Eric Wollberg, 24, New York City, NY, is living and working in Israel this year. He’s not taking a break from his career.
He’s building it, having been given a dream opportunity in a cutting edge industry.
A recent college graduate he is now an Energy Intern specializing in green energy at the Israel Innovation Authority, through Masa’s elite Israel Government Fellows program. IGF is a cooperation with the Begin Heritage Center in which participants intern at various government offices and non-profits over the course of an academic year.
We asked him some candid questions about his journey:
Q: Why Israel?
There is a book by Eric Weiner, The Geography of Genius, which talks about the different places throughout human history where "human flourishing" occurred. One of the interesting commonalities that all of these places shared was that they were places of struggle. For example, during the "Golden Age", Athens was more of a slum than a marble city. After reading that book, I decided that I wanted to go to a place where a struggle was paired with human flourishing. I looked at a map and realized that it was a place I knew very well, Israel.
Q: What was your life like before coming to Israel on Masa and how has it changed from this experience?
Before I came to Israel, I was living in NYC, working for an advertising technology company. I would say that my life was pretty great; my girlfriend had just graduated from university and most of my friends were working/living in NYC. Life in NYC is much easier than in Israel. There are certain comforts that we take for granted in the US, such as security or hot water on demand. Additionally, there is the Israeli temperament that can take even a New Yorker by surprise. However, there are many things about my life in Israel that I much prefer to NYC. In Israel, I feel that my contribution is valued. From Israelis, I have learned how to be a better self-advocate. Then there is the food. You have not eaten a tomato until you've eaten an Israeli tomato.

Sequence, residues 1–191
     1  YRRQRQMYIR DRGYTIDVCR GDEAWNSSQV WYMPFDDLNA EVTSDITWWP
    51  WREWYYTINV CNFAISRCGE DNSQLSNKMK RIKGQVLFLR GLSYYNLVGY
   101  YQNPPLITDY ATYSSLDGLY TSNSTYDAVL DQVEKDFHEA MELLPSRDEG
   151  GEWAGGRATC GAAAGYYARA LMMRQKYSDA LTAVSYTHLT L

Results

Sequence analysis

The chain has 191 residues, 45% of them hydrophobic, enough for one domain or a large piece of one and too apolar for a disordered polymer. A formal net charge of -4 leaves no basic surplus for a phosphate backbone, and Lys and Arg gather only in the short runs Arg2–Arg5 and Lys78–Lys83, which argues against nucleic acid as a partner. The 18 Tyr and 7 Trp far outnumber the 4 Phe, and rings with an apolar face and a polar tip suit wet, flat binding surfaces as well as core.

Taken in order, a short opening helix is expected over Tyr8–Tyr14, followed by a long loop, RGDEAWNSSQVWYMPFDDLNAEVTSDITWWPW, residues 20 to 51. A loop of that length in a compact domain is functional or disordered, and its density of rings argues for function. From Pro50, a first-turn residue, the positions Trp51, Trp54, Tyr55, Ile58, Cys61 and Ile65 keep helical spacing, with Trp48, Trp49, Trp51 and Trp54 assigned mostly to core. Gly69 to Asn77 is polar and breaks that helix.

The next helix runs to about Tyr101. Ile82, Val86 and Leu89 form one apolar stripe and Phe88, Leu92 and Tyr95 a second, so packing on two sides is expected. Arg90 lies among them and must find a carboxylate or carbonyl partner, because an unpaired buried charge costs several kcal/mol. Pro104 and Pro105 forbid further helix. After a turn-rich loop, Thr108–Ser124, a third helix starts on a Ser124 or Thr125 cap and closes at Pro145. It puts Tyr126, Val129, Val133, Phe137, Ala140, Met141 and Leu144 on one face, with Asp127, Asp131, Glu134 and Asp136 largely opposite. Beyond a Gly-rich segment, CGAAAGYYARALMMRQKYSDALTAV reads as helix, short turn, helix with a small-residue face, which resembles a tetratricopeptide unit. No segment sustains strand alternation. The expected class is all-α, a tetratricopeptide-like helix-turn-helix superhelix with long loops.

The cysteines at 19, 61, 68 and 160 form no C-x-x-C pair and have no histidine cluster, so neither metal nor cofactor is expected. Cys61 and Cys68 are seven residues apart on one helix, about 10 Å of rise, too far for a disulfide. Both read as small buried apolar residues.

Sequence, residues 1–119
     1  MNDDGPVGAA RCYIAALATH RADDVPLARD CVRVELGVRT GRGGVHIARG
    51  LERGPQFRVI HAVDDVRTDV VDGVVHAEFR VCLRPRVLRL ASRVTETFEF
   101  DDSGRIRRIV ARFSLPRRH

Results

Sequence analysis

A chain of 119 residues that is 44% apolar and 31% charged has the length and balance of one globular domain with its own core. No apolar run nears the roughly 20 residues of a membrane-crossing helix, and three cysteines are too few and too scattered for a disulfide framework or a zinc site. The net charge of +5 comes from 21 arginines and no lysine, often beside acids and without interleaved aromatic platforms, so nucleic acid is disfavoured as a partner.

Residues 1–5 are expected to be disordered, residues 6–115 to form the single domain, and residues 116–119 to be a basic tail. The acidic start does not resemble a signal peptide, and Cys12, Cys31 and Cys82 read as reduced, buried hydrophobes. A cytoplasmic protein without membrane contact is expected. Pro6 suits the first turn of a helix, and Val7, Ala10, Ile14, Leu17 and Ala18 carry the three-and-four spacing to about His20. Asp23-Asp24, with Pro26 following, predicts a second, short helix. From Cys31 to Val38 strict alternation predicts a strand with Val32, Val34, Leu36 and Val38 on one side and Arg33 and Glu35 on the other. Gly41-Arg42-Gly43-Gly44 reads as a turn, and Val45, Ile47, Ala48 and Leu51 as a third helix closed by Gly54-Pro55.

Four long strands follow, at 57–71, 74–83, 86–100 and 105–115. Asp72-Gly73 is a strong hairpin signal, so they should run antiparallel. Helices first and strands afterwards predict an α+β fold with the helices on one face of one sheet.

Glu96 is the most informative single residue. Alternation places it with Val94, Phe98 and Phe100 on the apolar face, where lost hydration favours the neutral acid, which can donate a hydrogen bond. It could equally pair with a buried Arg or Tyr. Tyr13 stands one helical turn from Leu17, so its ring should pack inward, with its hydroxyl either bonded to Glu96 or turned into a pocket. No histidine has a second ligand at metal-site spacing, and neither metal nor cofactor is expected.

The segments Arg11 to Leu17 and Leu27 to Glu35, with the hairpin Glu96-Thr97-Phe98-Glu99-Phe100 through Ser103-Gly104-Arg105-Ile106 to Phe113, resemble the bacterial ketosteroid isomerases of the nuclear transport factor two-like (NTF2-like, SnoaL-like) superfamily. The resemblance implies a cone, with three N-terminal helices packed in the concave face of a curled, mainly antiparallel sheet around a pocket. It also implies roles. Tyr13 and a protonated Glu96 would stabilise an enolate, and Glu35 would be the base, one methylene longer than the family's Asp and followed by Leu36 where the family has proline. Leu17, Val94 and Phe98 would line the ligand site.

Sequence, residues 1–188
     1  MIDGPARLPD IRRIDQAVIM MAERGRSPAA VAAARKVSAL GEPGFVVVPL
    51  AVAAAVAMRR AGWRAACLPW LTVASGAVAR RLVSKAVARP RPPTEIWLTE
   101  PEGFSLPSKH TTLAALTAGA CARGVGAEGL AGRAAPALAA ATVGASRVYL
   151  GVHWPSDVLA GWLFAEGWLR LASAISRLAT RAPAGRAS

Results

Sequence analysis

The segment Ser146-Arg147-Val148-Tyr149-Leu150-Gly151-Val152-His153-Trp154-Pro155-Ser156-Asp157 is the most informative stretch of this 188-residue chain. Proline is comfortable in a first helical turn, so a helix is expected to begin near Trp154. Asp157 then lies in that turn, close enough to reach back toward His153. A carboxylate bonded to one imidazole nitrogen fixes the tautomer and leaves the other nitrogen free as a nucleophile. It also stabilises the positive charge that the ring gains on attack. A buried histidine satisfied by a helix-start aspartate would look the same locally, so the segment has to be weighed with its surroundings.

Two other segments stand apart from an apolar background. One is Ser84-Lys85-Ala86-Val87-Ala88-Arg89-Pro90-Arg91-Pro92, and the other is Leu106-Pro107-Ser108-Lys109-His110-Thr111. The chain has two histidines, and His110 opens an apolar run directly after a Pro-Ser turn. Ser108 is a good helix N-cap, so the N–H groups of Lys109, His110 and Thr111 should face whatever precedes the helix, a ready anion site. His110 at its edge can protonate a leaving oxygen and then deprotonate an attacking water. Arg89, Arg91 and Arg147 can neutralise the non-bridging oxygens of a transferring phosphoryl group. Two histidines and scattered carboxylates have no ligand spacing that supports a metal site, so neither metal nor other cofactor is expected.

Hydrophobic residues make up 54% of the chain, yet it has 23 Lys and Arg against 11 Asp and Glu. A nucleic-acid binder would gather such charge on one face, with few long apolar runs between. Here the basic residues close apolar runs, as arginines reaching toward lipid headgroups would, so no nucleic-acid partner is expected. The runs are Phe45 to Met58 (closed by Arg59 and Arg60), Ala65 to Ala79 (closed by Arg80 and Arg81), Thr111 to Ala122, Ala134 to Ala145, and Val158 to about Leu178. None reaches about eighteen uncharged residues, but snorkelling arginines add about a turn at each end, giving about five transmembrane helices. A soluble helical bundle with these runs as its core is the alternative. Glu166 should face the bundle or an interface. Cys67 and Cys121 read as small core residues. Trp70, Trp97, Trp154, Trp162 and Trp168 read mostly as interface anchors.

Q: What is your favorite moment this far in your journey?
I would say that the moments that have stuck out, are the ones where my assumptions have been proven wrong. For example? That happens a lot in Israel.
Q: What does IGF look and feel like from the inside?
The Israel Government Fellowship is incredible. For the first six weeks, we met with leaders from government, business and academia. From them, we learned about the enormous complexity of Israeli history and culture, which better allowed us to engage with the problems Israel faces today. Additionally, we spent the first six weeks taking Ulpan, which is important because otherwise you will ask for a small bus, instead of a bathroom. Since then, we have been interning at various government and non-profits, which is absolutely amazing. You realized very quickly that you will not be photo copying documents or fetching coffee, they expect you to contribute. There really is no "average day" for me. I could be in Jerusalem or Tel Aviv or Herzylia. I could be meeting with a venture capitalist or the CEO of a large corporation. I could be eating hummus or schnitzel (both are preferable to most NYC lunch options).
Q: How do you think your experience this year will help you on your journey to a meaningful career?
Without the Masa IGF program, I think it would have taken me 10 years to get to where I will be when I finish this experience. I realized very quickly that I would not be photo copying documents or fetching coffee, they expect you to contribute here.
Not only has the fellowship allowed me to network with some of the major players in technology and government, but it has allowed me to assume responsibilities no one in the United States would have given to someone my age. Importantly, I have learned that "chutzpah" is more than just a fun word to say, but a mentality that will gain you respect and advantage.
Q: Explain your experience in the Masa Leadership Accelerator/Global Summit?
I was fortunate to be selected to give one of the TED style talks. I discussed why I believe Israel (I called it "The Sequestration Nation") is the place that could most likely create the solutions to global climate change. Additionally, I was able to meet and engage with young Jewish leaders from around the world, which was fun and inspiring. The event really solidified the importance of MASA and how privileged we are that such an organization exists.
Q: Any advice for people coming to Jerusalem?
Jerusalem is a city that has endured the rise and fall of empires; one of the holiest sites in the world. Most importantly, it is a living and breathing place that is trying to grapple with the modern world. The mixing of the old and the new is sometimes challenging, but it has been completely worth it. If you wish to engage with the past and fight for the future, come to Jerusalem.